Mark Znidar
Mark Znidar

Mark Znidar comes to Press Pros Magazine after 33 ½ years at The Columbus Dispatch. From 1996 until September 2018, he staffed high school sports, Ohio colleges that included the Mid-American Conference, Ohio State’s upcoming opponents in football and Ohio State baseball. In the previous three seasons he covered the Columbus Clippers triple-A baseball team. His other beats were Ohio State basketball (1985-88), Clippers (1985-86 and 1989-93), Cincinnati Bengals (1993-95) and NASCAR (1994-2008). He subbed on the Columbus Blue Jackets and Ohio State women’s basketball beats. In March 2017, Znidar was inducted into the Ohio Prep Sportswriters Association Hall of Fame.  Znidar was born in Cleveland and raised in Richmond Heights. He graduated from Cleveland St. Joseph High School and the University of Dayton. He also worked for The Atlantic City Press, Lake County News-Herald and Baltimore News-American. He has a daughter, Amanda, and four grandchildren.

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Only teammates and coaches know exactly what the second-year quarterback from Rancho Cucamonga, California, might bring in the season opener against Minnesota on Thursday; Head coach Ryan Day calls this an opportunity for him rather than an accomplishment.

Columbus – The man Ohio State coaches hand pick to become the team’s starting quarterback is similar in some ways to the person elected by the people to sit in the governor’s chair in the statehouse.

There is great fanfare when these positions are won, and with it comes great anticipation for the future from millions of people from as far north as the shores of Lake Erie to as far south as the Ohio River.

Unless he or she makes a big mistake and gets impeached and convicted, a governor is on the job for four years.

No Buckeye quarterback has to try to balance a budget or fight a pandemic. But no matter how good he has looked in practice or during games, he can get subbed for with a couple of glaring miscues such as a pick-six.

Veteran columnist Mark Znidar writes the Buckeyes for Press Pros Magazine.com.

“It’s hard to be quarterback around here,” head coach Ryan Day said. “The goal is to make practices harder than the games so that they’re ready.’’

Day & staff tried to do just that during pre-season when JC Stroud, Kyle McCord and Jack Miller were receiving equal opportunities to win the most coveted spot in Ohio other than where Mike DeWine sits.

Coaches pushed them when the heat index was in the 100s. They asked for more precision when it rained, and, geez, it certainly has done a lot of that in August. They threw different defenses at them in order to force their brains to process the information faster. They blared white noise through the sound system to simulate the crowd.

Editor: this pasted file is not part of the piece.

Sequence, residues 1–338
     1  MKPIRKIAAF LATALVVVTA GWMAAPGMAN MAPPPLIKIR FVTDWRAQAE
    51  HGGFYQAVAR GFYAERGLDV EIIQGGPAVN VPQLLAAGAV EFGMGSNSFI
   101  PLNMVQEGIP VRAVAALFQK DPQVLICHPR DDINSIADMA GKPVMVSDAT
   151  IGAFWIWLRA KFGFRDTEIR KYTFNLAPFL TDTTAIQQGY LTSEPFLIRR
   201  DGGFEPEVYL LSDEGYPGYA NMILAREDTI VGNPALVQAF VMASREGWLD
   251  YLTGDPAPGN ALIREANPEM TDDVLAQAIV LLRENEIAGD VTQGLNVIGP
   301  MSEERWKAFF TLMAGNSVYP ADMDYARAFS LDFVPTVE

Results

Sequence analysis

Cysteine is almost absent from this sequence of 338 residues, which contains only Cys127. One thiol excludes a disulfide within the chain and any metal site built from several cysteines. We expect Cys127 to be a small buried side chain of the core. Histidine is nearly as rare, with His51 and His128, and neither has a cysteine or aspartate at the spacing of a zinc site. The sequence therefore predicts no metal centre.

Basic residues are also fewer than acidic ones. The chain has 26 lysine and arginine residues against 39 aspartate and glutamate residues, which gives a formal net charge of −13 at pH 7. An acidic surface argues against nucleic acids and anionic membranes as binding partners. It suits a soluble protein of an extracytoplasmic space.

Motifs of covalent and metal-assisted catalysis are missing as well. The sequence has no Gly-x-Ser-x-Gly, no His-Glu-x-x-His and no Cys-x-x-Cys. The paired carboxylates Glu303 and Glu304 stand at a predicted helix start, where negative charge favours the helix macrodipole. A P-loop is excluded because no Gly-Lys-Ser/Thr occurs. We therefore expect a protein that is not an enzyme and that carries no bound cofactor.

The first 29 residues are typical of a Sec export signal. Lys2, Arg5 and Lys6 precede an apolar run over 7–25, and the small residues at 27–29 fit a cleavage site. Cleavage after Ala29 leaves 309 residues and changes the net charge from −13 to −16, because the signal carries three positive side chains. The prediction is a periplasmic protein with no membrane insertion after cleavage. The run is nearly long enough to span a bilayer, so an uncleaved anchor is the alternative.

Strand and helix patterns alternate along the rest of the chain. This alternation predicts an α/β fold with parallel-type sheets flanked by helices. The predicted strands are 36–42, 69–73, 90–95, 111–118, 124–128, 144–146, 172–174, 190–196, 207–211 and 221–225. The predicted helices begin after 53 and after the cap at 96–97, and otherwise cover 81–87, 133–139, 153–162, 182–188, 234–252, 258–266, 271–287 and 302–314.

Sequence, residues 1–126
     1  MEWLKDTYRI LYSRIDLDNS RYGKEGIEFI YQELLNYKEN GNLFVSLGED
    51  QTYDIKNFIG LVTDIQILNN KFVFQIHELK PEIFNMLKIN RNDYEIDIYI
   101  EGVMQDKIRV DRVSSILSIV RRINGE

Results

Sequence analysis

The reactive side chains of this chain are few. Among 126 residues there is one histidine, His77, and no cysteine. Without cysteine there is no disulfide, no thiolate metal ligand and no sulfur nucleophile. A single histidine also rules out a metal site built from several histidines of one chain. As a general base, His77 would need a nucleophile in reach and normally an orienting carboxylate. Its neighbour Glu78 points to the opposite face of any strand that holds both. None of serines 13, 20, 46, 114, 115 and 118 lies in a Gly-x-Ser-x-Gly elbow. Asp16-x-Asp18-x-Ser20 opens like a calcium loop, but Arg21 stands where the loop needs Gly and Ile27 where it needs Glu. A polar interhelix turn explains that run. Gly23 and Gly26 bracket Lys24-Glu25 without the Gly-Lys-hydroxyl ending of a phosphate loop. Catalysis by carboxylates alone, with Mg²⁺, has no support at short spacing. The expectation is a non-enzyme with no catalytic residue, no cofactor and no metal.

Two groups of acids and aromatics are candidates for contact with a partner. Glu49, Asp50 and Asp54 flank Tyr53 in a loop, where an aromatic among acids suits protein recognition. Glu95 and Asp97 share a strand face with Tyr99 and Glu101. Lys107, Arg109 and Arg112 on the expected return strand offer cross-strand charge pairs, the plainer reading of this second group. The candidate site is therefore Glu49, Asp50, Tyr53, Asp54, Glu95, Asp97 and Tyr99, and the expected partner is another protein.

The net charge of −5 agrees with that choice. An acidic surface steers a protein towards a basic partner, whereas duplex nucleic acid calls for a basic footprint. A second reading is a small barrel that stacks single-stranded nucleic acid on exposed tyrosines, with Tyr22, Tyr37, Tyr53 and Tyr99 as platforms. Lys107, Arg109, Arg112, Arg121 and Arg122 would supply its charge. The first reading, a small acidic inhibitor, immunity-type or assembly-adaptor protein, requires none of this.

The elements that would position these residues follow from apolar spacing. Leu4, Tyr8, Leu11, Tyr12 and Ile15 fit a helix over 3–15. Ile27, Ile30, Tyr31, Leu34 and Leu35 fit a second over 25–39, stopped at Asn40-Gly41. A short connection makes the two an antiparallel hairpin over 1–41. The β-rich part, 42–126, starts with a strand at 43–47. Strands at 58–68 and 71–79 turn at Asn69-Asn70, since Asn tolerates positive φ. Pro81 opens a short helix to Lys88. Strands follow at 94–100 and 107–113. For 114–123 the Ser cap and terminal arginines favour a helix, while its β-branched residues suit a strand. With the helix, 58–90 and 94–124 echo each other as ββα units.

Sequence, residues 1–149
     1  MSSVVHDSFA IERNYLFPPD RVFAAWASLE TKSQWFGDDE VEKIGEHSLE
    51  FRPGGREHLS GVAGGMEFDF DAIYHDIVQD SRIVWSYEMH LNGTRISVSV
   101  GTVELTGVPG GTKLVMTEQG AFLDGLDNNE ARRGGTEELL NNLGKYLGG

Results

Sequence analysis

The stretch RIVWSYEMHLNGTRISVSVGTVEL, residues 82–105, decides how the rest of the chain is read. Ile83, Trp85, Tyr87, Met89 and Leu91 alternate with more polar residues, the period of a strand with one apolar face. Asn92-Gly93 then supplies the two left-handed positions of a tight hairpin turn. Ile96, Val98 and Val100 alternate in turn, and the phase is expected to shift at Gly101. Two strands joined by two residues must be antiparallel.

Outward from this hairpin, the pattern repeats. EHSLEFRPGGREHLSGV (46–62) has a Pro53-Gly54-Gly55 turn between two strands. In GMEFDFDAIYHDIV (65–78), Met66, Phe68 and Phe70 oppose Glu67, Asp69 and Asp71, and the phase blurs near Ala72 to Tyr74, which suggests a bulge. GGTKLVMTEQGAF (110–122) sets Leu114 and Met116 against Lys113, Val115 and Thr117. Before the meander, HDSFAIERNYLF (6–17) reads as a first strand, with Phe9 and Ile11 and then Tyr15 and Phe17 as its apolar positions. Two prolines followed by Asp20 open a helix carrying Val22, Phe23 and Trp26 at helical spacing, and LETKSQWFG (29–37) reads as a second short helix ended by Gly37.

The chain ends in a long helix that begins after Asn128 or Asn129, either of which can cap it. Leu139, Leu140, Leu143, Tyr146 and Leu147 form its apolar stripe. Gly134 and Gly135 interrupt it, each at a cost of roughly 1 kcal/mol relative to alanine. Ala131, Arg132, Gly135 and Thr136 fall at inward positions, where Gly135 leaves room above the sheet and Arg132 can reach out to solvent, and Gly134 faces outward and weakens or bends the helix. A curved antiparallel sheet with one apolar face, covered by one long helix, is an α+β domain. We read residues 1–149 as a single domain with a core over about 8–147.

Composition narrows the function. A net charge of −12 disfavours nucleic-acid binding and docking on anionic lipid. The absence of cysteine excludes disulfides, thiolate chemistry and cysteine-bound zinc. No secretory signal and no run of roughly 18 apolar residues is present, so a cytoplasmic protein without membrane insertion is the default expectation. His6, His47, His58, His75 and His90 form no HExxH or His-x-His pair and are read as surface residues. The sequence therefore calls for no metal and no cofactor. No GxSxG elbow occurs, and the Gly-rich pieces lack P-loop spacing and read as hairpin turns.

The victor was Stroud, a 6-foot-3, 218-pound second-year player from Rancho Cucamonga High School in California.

“There are just certain guys that rise to the cream of the crop and come through in those big moments and inspire the team to keep pushing through, and C.J. did that almost every single time,” starting left tackle Nicholas Petit-Frere said. “Those are the kind of moments we see from him that show that type of leadership and personality to persevere though anything that happens.”

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Stroud will be in the shotgun formation when the Buckeyes open the season with a Big Ten game against Minnesota at 8 p.m. Thursday at Huntington Bank Stadium in Minneapolis.

This will be one of the biggest mysteries in recent Ohio State football history in that no one outside the walls of the Woody Hayes Athletic Center knows what to expect from him.

The quarterbacks met once with the media in pre-season, and that was way back at the beginning of camp. Reporters were cleared to watch the first segments of several practices, but those were as vanilla as a team can get without showing its hand.

Stroud received a handful of plays as a true freshman – the most notable being a 48-yard run in a wipeout of Michigan State – but did not attempt a forward pass all season.

Think about what he is up against: His predecessor, Justin Fields, was picked 11th in the NFL draft by the Chicago Bears.

The notable play of his freshman season was a 48-yard touchdown run against Michigan State.  CJ Stroud never threw a pass last year.